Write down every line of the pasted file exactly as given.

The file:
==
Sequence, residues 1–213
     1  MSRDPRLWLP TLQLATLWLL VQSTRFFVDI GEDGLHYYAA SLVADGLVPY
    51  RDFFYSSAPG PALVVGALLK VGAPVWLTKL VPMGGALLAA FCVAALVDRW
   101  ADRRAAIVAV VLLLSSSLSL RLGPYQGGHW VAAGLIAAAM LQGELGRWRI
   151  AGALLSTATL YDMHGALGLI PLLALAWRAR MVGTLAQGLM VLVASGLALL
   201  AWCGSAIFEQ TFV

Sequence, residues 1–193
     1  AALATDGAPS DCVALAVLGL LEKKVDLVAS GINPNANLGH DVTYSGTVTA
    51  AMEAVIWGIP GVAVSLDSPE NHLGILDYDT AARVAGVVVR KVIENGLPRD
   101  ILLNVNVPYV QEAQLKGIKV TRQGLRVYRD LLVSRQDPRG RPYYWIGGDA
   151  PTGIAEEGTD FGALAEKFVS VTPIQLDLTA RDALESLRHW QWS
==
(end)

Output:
Sequence, residues 1–213
     1  MSRDPRLWLP TLQLATLWLL VQSTRFFVDI GEDGLHYYAA SLVADGLVPY
    51  RDFFYSSAPG PALVVGALLK VGAPVWLTKL VPMGGALLAA FCVAALVDRW
   101  ADRRAAIVAV VLLLSSSLSL RLGPYQGGHW VAAGLIAAAM LQGELGRWRI
   151  AGALLSTATL YDMHGALGLI PLLALAWRAR MVGTLAQGLM VLVASGLALL
   201  AWCGSAIFEQ TFV

Sequence, residues 1–193
     1  AALATDGAPS DCVALAVLGL LEKKVDLVAS GINPNANLGH DVTYSGTVTA
    51  AMEAVIWGIP GVAVSLDSPE NHLGILDYDT AARVAGVVVR KVIENGLPRD
   101  ILLNVNVPYV QEAQLKGIKV TRQGLRVYRD LLVSRQDPRG RPYYWIGGDA
   151  PTGIAEEGTD FGALAEKFVS VTPIQLDLTA RDALESLRHW QWS